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Ex-Dodger Osteen now scouting minor leagues



Published: Tue, August 14, 2001 @ 12:00 a.m.



The former pitching great took in the Scrappers-Blue Sox game Monday.

By BILL SULLIVAN

VINDICATOR SPORTS STAFF

NILES -- Don't expect Claude Osteen to ask you many baseball questions. What he doesn't know about the game probably isn't worth learning.

Now a scout with the Los Angeles Dodgers, Osteen was in town to take in the Mahoning Valley Scrappers' homestand against Utica and Williamsport.

"This is my first year out of uniform in 43 years," said Osteen, who turned 62 last week.

While usually assigned to games in California and Texas, he came to the Midwest as a pinch hitter after the wife of another scout in the system became ill.

Great career: Over the course of his 18-year major league career, Osteen pitched in 541 games and posted a 196-195 win-loss record. He started 488 times, had 140 complete games and 40 shutouts.

With that resume, he knows baseball.

After pitching with the Cincinnati Reds and the Washington Senators, he threw for the Dodgers for nine years (1965-73). In 1969 he had a 20-15 record, a 2.66 ERA and threw an incredible 321 innings.

He then pitched for Houston, St. Louis and ended his career with the White Sox.

Osteen pitched on a Los Angeles staff that had two Hall of Fame pitchers -- Sandy Koufax and Don Drysdale.

"I was the third man; I was that other pitcher."

Former coach: After his playing days, Osteen coached for 15 years in the big leagues, including seven seasons as pitching coach with Philadelphia.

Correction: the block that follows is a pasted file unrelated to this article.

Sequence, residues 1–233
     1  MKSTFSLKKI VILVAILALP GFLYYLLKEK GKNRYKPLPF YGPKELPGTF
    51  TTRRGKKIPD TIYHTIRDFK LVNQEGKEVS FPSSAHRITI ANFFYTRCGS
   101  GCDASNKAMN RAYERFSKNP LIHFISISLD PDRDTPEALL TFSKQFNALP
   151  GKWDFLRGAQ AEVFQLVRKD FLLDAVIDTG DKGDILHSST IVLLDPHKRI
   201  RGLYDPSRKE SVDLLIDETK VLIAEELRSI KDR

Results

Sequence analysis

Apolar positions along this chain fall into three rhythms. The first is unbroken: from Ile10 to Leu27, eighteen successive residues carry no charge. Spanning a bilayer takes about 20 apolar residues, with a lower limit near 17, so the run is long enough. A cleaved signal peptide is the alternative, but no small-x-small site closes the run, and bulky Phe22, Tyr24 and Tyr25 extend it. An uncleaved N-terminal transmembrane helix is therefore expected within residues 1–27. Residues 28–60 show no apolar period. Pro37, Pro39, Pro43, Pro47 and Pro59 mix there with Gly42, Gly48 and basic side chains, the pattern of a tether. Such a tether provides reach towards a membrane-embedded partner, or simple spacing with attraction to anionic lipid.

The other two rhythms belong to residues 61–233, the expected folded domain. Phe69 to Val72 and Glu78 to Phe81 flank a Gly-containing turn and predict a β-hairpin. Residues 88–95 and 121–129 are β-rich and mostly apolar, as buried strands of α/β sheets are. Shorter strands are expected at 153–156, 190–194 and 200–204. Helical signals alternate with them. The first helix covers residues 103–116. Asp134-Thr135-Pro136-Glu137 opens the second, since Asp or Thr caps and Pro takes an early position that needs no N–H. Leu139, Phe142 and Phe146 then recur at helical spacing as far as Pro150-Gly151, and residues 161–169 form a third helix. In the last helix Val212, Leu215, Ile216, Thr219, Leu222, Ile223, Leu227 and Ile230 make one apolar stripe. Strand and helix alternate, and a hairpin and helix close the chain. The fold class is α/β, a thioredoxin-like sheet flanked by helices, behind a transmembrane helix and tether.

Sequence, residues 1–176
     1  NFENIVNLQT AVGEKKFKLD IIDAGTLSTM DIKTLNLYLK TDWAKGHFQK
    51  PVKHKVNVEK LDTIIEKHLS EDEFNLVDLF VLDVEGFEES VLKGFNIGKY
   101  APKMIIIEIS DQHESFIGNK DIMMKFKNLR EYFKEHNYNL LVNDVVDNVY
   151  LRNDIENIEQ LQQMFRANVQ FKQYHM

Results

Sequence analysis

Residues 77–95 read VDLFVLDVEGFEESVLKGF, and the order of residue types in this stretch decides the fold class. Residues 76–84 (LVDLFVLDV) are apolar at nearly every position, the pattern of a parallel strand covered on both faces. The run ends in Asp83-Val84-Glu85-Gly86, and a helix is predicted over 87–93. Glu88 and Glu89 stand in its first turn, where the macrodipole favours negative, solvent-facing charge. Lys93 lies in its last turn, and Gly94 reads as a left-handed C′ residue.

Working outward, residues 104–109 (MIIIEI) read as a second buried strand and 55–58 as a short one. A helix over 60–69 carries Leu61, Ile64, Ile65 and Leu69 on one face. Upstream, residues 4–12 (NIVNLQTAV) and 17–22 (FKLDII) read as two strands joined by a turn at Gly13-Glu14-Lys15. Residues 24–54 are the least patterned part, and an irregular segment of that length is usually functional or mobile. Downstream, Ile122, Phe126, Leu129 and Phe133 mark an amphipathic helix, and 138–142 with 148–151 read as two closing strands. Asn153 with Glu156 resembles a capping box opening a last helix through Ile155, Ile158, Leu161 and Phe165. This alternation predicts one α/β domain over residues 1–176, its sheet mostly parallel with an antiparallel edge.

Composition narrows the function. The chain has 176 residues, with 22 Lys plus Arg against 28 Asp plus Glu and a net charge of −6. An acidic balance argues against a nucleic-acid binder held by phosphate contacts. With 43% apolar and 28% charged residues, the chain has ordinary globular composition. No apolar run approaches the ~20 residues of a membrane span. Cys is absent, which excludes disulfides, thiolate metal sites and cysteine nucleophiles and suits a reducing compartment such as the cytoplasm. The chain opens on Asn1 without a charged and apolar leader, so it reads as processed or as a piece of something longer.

He also spent several years coaching in minor league baseball.

He said he's been scouting at the major league level all year, and this was his first exposure to the New York-Penn League.

"I'm looking for good arms and guys that can run and guys with quick bats," Osteen said of his current duties.

"I think this is much tougher scouting than to scout in the major leagues because you have to take a picture of these kids three or four years down the line and figure out where they're going to be."

He pointed to his chest, near the heart cavity, and said, "The hardest thing is you can't look inside of here.

"We don't know anything about these kids."

Osteen was at another NYPL site last week, getting a look at more young players. He had kind words about a few Scrappers.

"I've seen a couple of pitchers, I liked the way they threw the ball," Osteen said.

He did not name names, of course.

Conditioning better: The emphasis on physical conditioning of athletes has evolved a great deal since he began playing, and it will have a serious impact on the development of a prospect.

"You take a guy that doesn't have bat speed now and he goes to work over a couple winters and starts pumping weights and he'll show up in spring training and he'll look like a monster," Osteen said with a chuckle.

The toughest part of the job for Osteen?

"The hardest thing for me at putting down numbers for these guys is for me to say a guy is not a prospect," he said, "because I've seen so many situations where guys weren't even drafted and made it big."

Few, though, will ever make it as big as Osteen.




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